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Media publications about "slow offensive" do not affect aid to Ukraine – Ukraine’s Foreign Minister

Monday, 3 July 2023, 23:44

Minister of Foreign Affairs of Ukraine, Dmytro Kuleba, has given assurances that reports about the allegedly slow pace of Ukraine's counteroffensive are not affecting the decisions of Western leaders regarding military aid to Kyiv.

Source: Kuleba on air during the national joint 24/7 newscast on Monday evening.

The minister stated that "those who make decisions" are not affected by media publications about the Ukrainians’ apparently too slow counterattack, "because they are guided by information not from newspapers, but from the objective reports of their military and intelligence officers."


"And I can assure you that in the conversations that the president has with his partners, which I conduct, they all support our counteroffensive, encourage and understand that the situation is more difficult for objective reasons," the head of the Ministry of Foreign Affairs said.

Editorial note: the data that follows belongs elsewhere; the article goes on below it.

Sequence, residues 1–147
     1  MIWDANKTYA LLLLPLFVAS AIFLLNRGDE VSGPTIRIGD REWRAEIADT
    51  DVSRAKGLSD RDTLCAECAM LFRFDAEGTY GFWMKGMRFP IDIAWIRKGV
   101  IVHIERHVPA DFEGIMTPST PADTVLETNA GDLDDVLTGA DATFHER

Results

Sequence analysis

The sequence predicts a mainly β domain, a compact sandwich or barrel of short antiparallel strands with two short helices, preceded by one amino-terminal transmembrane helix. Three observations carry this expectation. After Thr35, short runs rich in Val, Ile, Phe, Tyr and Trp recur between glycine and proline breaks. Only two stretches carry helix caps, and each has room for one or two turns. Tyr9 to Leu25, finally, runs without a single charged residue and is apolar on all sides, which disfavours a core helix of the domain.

"But there is no decline in the movement. Everyone is ready to move on and ensure the supply of weapons needed for the counteroffensive," he added.

At the same time, Kuleba admitted that such publications influence the public perception of the counteroffensive, which "is completely distorted from the point of view that it is apparently not as successful as it should be", and also contribute to "commentators who pick up on theses like ‘and we said, Ukraine cannot win.’"

"And despondency is being spread. At the moment, there are no immediate negative consequences from this. This is a controlled situation. But if they continue to disperse these narratives like this, it will certainly have negative consequences for the perception of Ukraine's success on the battlefield in the societies of the respective countries," the minister warned. 

Recently, numerous Western media outlets have published articles citing anonymous officials, where they claimed that the Ukrainian counteroffensive had "started slowly."

Western officials have publicly acknowledged that Ukrainian counteroffensive operations are indeed progressing more slowly than previously predicted, but noted that this situation should not be surprising.

Valerii Zaluzhnyi, Commander-in-Chief of the Armed Forces of Ukraine, in an interview with The Washington Post, said that soldiers pay in blood for liberation of every metre of Ukrainian land, so he is annoyed by other people's comments that the counteroffensive is slower than expected.

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